- Jim Young
Gov. Scott Walker of Wisconsin has notably shifted his strategy and rhetoric over the past few weeks.
It’s evident enough that a lot of political observers and even some of Walker’s donors are starting to notice he is sounding a lot like the man he is trying to catch at the top of Republican presidential primary polls: Donald Trump.
“Some of the things that he and other candidates are doing to try to associate themselves with positions being taken by Trump or other more ‘exciting’ candidates are hurting them, though,” said veteran Republican strategist Liz Mair, who briefly worked for Walker’s campaign. “Why vote for the guy perceived as the copycat or watered-down version of something as opposed to the real deal?”
And according to poll after poll lately, Walker is looking like a watered-down version of his former self – a Republican candidate thought to be among the three most likely challengers to Democratic front-runner Hillary Clinton.
Walker has seen his national poll numbers tumble, as Trump’s – and those of other candidates, including retired neurosurgeon Ben Carson, who attract similar types of voters – have continued to rise.
A new Public Policy Polling poll released on Tuesday showed Walker with 5% support nationwide. That’s a massive drop from the second-place slot Walker nabbed when 17% of Republicans nationwide said they supported him in last month’s PPP poll.
A Monmouth University poll released on Thursday showed Walker plummeting to an eye-popping 3%, down 8 percentage points from the previous month.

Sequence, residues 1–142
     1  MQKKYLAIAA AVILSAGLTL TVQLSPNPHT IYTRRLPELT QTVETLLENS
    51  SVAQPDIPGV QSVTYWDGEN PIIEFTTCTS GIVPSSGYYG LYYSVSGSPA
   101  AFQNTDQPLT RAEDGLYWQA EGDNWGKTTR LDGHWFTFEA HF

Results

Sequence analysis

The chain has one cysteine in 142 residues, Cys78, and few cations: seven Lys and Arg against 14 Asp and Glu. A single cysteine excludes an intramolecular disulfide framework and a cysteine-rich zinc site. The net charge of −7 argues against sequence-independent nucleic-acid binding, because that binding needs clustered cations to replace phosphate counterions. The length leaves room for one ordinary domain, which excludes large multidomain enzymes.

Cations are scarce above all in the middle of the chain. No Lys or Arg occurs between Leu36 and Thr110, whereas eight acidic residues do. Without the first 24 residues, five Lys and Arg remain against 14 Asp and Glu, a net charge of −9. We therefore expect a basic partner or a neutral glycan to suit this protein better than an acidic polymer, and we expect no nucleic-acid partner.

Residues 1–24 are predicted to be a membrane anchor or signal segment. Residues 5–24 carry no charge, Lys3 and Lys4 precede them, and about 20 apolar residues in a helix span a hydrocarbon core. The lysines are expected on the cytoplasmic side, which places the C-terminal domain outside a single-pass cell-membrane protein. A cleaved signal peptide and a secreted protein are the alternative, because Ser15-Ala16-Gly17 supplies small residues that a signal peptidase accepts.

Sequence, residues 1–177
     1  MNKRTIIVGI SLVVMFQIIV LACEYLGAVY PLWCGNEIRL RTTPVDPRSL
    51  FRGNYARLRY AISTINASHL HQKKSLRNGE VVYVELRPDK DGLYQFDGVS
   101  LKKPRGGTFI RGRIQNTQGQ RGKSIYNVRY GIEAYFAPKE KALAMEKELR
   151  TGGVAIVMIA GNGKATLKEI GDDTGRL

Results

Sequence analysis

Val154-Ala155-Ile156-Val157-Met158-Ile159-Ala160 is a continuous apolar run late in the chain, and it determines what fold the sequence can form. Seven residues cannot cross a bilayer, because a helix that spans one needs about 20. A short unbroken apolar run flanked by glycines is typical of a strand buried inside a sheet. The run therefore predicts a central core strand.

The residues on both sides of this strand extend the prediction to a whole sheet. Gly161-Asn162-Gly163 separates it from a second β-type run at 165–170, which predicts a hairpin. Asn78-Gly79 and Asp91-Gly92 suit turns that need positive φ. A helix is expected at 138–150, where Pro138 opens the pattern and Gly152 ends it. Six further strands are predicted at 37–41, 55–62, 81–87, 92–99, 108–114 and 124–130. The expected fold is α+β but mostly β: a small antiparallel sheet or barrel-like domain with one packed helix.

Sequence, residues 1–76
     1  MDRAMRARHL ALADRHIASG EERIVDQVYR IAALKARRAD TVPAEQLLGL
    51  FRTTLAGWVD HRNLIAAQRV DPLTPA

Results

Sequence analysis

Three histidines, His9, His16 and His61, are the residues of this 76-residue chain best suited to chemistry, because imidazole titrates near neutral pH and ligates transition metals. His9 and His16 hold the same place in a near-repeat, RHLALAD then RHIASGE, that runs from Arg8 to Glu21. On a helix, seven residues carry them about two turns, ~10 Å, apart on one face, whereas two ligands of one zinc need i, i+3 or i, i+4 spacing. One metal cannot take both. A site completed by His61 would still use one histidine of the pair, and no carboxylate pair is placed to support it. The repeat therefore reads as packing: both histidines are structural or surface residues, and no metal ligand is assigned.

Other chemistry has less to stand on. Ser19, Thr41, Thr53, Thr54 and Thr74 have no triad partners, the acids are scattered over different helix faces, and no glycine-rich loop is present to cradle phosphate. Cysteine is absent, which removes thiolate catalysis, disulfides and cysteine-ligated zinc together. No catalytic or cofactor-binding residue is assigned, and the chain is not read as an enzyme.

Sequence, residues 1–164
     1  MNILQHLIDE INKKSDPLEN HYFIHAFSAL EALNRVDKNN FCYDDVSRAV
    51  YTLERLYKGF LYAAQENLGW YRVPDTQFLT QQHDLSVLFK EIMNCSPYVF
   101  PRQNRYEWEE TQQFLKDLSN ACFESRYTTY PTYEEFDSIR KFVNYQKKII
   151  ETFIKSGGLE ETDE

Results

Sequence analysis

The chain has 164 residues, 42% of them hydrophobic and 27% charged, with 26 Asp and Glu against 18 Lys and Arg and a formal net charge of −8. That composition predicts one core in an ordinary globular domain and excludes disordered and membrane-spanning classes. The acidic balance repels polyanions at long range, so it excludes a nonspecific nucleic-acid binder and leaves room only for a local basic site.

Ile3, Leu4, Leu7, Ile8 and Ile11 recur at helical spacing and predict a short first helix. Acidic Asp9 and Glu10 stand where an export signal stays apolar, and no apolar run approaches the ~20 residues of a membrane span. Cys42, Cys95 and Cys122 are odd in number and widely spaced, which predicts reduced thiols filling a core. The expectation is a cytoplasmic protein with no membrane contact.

But perhaps the most ominous batch of poll numbers came Saturday, when a poll found the governor’s support cratering in a state that has long been seen as a linchpin to his White House path: Iowa.
In a May Bloomberg Politics/Des Moines Register poll, Walker led the field with 17% of the Republican vote. The same poll taken in August found that his support has been cut in half, with only 8% of likely Republican caucusgoers saying they still supported the governor.
That puts him in a distant third to Trump and Carson, who lead the polls in the state with 23% and 18%, respectively. It’s a far cry from the months of February through mid-July, when Walker led every public poll of Iowa except one.
- REUTERS/Joshua Lott
If there’s a bright side for Walker, it’s that the numbers still give him hope of turning things around. As his supporters and some pollsters will tell you, Walker isn’t getting noticeably less popular. He’s just not garnering the kind of excitement of antiestablishment Republican rivals like Trump and Carson.
His image remains popular. In Iowa, 71% of Republican voters view Walker favorably – a number that has actually gone up 5 percentage points since May, when the most recent Bloomberg Politics/DMR poll was conducted.
He is also many voters’ second choice. In the PPP national poll, Walker clocked in at 10% when voters were asked who would be their second choice for a nominee, trailing only Carson and Trump.
“That increase in visibility has translated into more favorable and unfavorable feelings,” J Ann Selzer, who conducted the Bloomberg Politics/DMR poll, said in an email. “Only Ben Carson has a higher favorability score. So, it’s easy to conclude that Walker is not turning voters off as much as they are turned on to other candidates.”